Read on to find out why I have decided to call my podcast, and frankly my whole career, research-adjacent.
I’m not quite sure where I first heard the term ‘adjacent’ used to describe something that was similar to, connected to, aligned with, or supportive of something. Probably in relation to the arts – I’ve certainly heard the term ‘adjacent’ used as a way of helping people find music or films they might like. I might have heard it from my tween – she does watch a lot of YouTube. I might have heard it on social media – my absolute favourite use of the term research-adjacent on Twitter goes to Eleanor Baker and these sheep.
When and why I chose to embrace being research-adjacent
I guess it doesn’t really matter where I heard it, perhaps what matters more is when and why I chose to embrace it. Recently I was organising a panel on alternative careers for PhD students and Early Career Researchers. The panel needed a name and ‘Research-Adjacent Careers’ popped into my head. It was only after the event that I started to realise that ‘research-adjacent’ basically describes my whole career.
Although I haven’t really been a researcher since 2000 (unless you count a handful of reports) I have been research-adjacent for over 20 years now. I have worked directly on research projects doing project management and public engagement. I have trained and supported researchers to work as ambassadors in schools. I have taken complex journal articles and rewritten them for a lay audience. I have created workshops so that young people can learn research techniques. I have supervised student research projects. I have done so many different things that I struggle to explain to people exactly what I do.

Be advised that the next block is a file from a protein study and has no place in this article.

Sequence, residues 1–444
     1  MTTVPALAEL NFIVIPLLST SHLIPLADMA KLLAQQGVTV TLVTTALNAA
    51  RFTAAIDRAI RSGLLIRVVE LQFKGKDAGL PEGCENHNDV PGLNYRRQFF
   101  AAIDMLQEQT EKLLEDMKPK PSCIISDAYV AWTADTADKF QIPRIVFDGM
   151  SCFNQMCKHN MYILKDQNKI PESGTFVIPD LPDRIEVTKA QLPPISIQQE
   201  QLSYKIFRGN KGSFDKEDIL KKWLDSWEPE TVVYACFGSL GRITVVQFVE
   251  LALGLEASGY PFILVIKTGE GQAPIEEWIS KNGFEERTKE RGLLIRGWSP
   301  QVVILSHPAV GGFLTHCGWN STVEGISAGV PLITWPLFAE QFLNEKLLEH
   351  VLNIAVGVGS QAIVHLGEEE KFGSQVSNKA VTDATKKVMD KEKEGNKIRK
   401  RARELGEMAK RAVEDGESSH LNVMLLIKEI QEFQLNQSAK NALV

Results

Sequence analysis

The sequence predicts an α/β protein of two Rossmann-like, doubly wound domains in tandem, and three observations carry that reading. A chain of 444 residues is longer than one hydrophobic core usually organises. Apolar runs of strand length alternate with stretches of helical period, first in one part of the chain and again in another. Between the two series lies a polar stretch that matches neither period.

For those who fit in and those who don’t
I know that there are other people like me out there – are you one of them? We exist in a kind of limbo space – not researchers, but not administrators either. Integral to the research ecosystem, but not acknowledged as such. There are communities out there for public engagement professionals, science communicators, researcher development folks, research managers etc. But what about those of us who shift quite fluidly between different these different roles – where do we fit in?
So I am claiming the term research-adjacent for myself, for us, and everyone is welcome to claim it for themselves too. I like ‘adjacent’ much more than some of the alternatives. Professional services makes me feel like an accountant, professional support suggests that we are somehow less-than. I knew I’d struck gold when I looked up the definition of adjacent. I found this at dictionary.com:
- Related or very close to a specified topic, activity, etc.
- Supporting or being an ally of a group or subculture
- Having the traits or interests of a group or subculture without being a part of it
With that definition I can totally get on board with being research-adjacent. What about you? Do you want to come and join me on the research-adjacent bus? Everyone is welcome! The party’s at the back…or on Twitter…come and chat using #ResearchAdjacent.
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